One of Sizer's notable projects came in May 2021 with mybraFit, the AI-powered app for North America intimate apparel brand Wacoal. Sizer's measurement technology determined breast measurements with accuracy, which were then integrated into Wacoal's sizing algorithm to deliver a bra size recommendation. All one had to do was use the front camera of a smartphone or tablet, and the measuring process would be complete in two minutes. Sizer's Chief Executive Adam Kaplan had then remarked, "We have seen digital adoption soar during the pandemic, with many companies accelerating the shift to digital in design, product development, and AI-powered body measurement solutions."

Nikita Dobrynin, Founder and CEO of Kiev-based AstraFit, agrees that the pandemic caused a big shift in consumer behaviour. "As in many other markets, online sales of clothing are now a mainstream channel. As a result, many apparel businesses were forced to allocate even more budget to their e-commerce. The big ones had to overcome quite a few challenges and it's not only marketing, like driving traffic or improving their webshops, but also figuring out logistics and support.

"Of course, the virtual fitting room is one of the solutions that many of them are now considering to keep up with the competition. Small brands are also thinking about using the technology. Especially, if it's a new business. They think that having a virtual fitting room tech available from day one is essential." AstraFit offers a solution that can be integrated right into a brand's website. Russian children's clothing brand Reima tied AstraFit's integration. Between 1 November 2020 and 31 January 2021, Reima.ru's average session duration increased 1.5 times and conversion rates went up 2.5 times.

Nikita Dobrynin
Nikita Dobrynin
Founder and CEO
AstraFit

As in many other markets, online sales of clothing are now a mainstream channel. As a result, many apparel businesses were forced to allocate even more budget to their e-commerce. The big ones had to overcome quite a few challenges and it's not only marketing, like driving traffic or improving their webshops, but also figuring out logistics and support.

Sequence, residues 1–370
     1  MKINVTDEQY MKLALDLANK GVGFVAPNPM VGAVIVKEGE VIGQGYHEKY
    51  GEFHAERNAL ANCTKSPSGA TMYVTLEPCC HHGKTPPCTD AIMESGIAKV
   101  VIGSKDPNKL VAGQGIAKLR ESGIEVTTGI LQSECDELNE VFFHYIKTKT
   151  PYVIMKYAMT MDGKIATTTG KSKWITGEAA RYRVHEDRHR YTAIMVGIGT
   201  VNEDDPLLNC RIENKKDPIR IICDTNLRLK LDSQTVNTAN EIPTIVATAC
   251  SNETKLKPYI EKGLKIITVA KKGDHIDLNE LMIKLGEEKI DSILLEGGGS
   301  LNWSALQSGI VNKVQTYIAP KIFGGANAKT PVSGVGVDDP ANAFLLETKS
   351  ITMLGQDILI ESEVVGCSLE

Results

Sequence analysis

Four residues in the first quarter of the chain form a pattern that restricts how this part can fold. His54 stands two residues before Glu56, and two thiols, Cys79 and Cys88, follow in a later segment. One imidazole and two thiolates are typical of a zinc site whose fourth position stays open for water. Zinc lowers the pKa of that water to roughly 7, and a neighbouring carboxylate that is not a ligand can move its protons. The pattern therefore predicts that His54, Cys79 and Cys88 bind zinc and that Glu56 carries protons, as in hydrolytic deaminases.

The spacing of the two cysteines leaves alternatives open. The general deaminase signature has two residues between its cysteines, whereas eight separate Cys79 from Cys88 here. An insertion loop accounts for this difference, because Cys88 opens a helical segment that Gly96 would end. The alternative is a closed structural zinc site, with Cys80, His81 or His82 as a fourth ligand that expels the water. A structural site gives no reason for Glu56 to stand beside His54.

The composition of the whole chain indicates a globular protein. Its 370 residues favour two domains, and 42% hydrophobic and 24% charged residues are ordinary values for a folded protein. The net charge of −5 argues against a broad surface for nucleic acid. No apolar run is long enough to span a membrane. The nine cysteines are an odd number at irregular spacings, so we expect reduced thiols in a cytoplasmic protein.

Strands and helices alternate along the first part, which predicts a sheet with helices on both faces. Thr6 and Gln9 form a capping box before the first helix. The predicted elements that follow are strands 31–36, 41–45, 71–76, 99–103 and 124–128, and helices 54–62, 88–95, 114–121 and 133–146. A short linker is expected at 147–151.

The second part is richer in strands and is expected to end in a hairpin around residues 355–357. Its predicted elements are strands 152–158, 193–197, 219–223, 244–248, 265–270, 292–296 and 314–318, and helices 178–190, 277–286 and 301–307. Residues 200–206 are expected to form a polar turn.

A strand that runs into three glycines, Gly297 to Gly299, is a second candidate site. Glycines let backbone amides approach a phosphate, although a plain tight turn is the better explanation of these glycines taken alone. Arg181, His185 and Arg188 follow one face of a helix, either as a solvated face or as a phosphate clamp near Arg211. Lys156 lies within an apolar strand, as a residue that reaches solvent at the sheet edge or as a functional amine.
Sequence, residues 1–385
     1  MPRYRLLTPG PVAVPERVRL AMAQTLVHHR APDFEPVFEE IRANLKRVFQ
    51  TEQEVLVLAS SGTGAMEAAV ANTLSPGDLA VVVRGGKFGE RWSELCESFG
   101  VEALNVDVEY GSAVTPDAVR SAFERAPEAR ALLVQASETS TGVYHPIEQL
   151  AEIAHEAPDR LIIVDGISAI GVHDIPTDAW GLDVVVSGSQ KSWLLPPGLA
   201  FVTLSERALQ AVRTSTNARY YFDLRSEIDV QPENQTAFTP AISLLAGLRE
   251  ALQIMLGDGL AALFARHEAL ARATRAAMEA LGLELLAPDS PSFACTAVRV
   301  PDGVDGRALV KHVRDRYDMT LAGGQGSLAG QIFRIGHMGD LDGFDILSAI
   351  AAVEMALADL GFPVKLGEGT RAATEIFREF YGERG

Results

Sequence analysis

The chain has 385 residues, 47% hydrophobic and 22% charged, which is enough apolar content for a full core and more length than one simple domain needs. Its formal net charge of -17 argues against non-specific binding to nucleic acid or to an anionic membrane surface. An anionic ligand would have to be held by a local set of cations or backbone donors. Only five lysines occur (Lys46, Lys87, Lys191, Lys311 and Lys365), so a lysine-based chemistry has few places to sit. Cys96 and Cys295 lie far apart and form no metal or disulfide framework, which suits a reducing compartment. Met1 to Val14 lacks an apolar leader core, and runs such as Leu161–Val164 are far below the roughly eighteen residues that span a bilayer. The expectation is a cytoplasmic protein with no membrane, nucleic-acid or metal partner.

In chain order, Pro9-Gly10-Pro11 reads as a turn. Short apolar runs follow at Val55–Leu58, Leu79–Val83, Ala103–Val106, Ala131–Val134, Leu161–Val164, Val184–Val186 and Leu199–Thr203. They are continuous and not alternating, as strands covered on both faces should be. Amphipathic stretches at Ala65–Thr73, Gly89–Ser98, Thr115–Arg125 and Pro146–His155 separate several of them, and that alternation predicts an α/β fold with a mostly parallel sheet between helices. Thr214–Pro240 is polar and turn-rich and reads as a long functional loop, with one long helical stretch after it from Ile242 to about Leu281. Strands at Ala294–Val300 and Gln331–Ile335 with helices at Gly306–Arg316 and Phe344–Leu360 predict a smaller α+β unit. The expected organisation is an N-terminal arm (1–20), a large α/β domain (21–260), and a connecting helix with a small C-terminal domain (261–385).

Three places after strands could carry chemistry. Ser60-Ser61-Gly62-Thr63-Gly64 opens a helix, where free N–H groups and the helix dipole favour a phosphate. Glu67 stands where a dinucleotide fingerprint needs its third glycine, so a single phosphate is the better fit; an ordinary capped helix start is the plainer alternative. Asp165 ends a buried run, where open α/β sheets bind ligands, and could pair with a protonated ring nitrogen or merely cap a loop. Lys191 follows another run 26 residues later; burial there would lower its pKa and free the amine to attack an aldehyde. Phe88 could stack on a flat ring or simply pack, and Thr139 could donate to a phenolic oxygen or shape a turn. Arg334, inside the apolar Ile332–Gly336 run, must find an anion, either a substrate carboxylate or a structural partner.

As in many other markets, online sales of clothing are now a mainstream channel. As a result, many apparel businesses were forced to allocate even more budget to their e-commerce.
Full Mainstream As in many other markets, online sales of clothing are now a mainstream channel. As a result, many apparel businesses were forced to allocate even more budget to their e-commerce. Pawel Szvmanski / Unsplash

Growing Faster Than Expected

Far Away in San Francisco, Bold Metrics has been seeing more activity than before. Co-Founder and COO, Morgan Linton, takes a deep dive into the subject: "The space has been growing faster than we could have ever imagined. When stores closed down and shoppers had to switch to buying clothes online, many shoppers who were hesitant to buy online in the past became very comfortable shopping online. As that happened, many brands (both big and small) realised very quickly that returns were suddenly a much bigger problem than they had ever expected.

"One big lesson that apparel brands learned over the last two years is that new shoppers coming to their site had a hard time finding what size to buy. This translated into lower conversion rates and higher return rates than they had seen in the past. Demand for virtual sizing technology grew exponentially as this happened, and as a result we've seen the strongest growth in the history of our company over the last two years."

Bold Metrics offers a range of SaaS (software as a service) solutions to help brands unlock the power of body data to improve the customer experience around fit, and these brands now come in both big and small sizes.

Continues Linton: "Big brands are moving faster than they ever have which is great to see — it's clear that they are looking for solutions that do more than just increase conversion rates; reducing returns is more critical today than ever before. Currently we're seeing demand across both Enterprise and SMBs equally — both segments have seen so much growth in their online businesses that they all see virtual sizing technology like ours as a must-have. This is not limited to luxury brands, in fact, I think we are at a point in time where all brands now realize a size chart isn't enough, they need to leverage AI-first solutions to help their customer find the right size online."

Billy Pardo
Billy Pardo
Chief Product & Operations Officer
MySize

When it comes to trends, inspiration and creativity, the fashion industry tends to be at the forefront, but in practice, the implementation of new technologies has moved along at a snail’s pace. The pandemic, however, has radically shifted the rate of adoption across many solutions and led to significant improvements in the online experience.

Big brands are moving faster than they ever have which is great to see — it's clear that they are looking for solutions that do more than just increase conversion rates; reducing returns is more critical today than ever before.
Problem and Solution Big brands are moving faster than they ever have which is great to see — it's clear that they are looking for solutions that do more than just increase conversion rates; reducing returns is more critical today than ever before. Pedro Vit / Unsplash